Mira Nair's next film Queen of Katwe is not your conventional sports drama - Firstpost
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Mira Nair's next film Queen of Katwe is not your conventional sports drama

What do you expect from your average sports film?

Meera Nair, the acclaimed filmmaker who has delivered films like The Namesake and Monsoon Wedding, has teamed up with Disney for a new inspirational sports drama. It has all the makings of a sports film: an underdog struggles to perfect the sport they are passionate about, finds a mentor to help them, and finally tastes sweet victory.

Queen of Katwe. Image courtesy: Facebook

Queen of Katwe. Image courtesy: Facebook

Mira Nair's new offering has all these ingredients but there is one difference: This Disney film is based in the east African nation of Uganda and chronicles the real life story of Phiona Mutesi, a chess master who rose up from selling corn in the Kampala, Uganda slum of Katwe. It is very rare that a sports story

The film talks about Phiona's journey as a young chess prodigy who struggles to make a living as she is mentored by her teacher who wants her to make it big internationally. Lupita Nyong'o plays the role of Nakku Harrie, David Oyelowo plays Robert Katend, Phiona's teacher and the role of Phiona is played by 10-year-old Madina Nalwanga.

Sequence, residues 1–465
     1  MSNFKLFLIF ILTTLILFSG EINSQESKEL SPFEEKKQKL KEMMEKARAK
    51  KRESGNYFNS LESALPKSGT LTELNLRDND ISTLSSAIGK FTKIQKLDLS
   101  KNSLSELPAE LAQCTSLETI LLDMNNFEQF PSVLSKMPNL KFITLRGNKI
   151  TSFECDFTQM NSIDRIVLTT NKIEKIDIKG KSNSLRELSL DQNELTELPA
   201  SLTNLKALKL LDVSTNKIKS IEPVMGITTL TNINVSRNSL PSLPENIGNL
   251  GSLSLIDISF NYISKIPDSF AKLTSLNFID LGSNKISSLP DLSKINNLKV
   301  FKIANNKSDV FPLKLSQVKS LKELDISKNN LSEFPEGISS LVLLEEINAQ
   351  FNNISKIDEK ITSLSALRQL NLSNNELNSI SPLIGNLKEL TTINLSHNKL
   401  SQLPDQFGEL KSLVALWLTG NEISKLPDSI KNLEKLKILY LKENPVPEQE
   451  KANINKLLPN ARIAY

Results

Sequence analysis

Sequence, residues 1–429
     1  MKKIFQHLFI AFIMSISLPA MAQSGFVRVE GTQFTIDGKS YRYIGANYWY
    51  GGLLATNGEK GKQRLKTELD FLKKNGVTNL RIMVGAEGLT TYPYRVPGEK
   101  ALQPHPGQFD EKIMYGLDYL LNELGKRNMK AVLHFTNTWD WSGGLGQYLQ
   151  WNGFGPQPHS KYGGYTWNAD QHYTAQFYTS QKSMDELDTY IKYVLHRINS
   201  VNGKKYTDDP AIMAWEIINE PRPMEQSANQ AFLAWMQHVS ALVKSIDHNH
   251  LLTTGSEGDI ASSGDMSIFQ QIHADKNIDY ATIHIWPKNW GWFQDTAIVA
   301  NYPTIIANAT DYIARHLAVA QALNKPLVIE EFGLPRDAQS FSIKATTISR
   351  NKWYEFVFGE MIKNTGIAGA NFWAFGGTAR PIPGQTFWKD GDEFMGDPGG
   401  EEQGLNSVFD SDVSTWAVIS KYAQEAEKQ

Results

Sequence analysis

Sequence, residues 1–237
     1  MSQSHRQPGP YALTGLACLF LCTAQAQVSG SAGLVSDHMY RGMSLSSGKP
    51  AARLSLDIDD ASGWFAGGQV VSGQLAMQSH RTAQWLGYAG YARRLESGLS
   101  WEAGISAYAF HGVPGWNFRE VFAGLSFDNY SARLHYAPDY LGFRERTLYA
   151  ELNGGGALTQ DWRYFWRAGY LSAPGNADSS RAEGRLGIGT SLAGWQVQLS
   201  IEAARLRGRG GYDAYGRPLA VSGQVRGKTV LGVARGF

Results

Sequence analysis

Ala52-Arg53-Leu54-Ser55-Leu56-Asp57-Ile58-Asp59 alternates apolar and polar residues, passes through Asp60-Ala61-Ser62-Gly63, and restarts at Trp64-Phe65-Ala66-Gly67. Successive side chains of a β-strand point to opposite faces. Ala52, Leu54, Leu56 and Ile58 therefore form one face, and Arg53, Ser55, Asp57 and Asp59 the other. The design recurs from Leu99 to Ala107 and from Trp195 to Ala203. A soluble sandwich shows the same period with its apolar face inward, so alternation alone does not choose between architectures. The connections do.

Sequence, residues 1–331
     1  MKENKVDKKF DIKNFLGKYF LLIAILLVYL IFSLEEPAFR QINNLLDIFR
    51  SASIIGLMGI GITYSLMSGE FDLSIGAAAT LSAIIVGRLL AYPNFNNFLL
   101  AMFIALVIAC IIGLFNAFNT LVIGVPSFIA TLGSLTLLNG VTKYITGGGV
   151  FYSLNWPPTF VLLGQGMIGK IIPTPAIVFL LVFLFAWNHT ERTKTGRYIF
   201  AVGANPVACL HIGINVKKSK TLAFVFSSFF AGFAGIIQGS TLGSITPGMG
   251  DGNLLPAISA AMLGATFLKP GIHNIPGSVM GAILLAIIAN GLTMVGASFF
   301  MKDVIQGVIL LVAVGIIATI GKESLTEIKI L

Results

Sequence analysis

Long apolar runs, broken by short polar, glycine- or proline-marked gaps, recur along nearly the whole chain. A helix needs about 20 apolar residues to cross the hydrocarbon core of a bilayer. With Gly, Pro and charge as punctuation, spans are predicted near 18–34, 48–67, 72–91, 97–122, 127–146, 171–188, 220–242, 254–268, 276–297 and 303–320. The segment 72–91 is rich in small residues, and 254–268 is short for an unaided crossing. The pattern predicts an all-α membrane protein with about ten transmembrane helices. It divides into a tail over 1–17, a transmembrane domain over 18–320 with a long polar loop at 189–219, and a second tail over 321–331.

Nair talked to Indiewire about casting Madina Nalwanga in the role of Phiona, "Madina walked in and had sold corn for years. She knew how to put it on, how to bathe with half an inch of water. You can’t teach or direct that convincingly. It’s wonderful to be able to know the truth and then get it all aspects of it.

Nyong'o found international stardom after she won an Oscar for Best Supporting Actress for her role in 12 Years At A Slave. The actress feels the film is special because, "It's the kind of film that opens the world's mind as to what it means to be African and what life is like on the continent people often see Africa and Africans as a backdrop to foreign stories and here we have the Africans front and center in their own narrative."

David Oyelowo echoes Nyong's sentiment about this unique film, "I sort of did it as a love letter for my daughter Zoe. It’s the first time I’ve done a film that I can take my whole family to. For someone of African descent myself to see a positive, life-affirming story like this was something I really wanted to be a part of. I couldn’t believe Disney was making a movie like this.'

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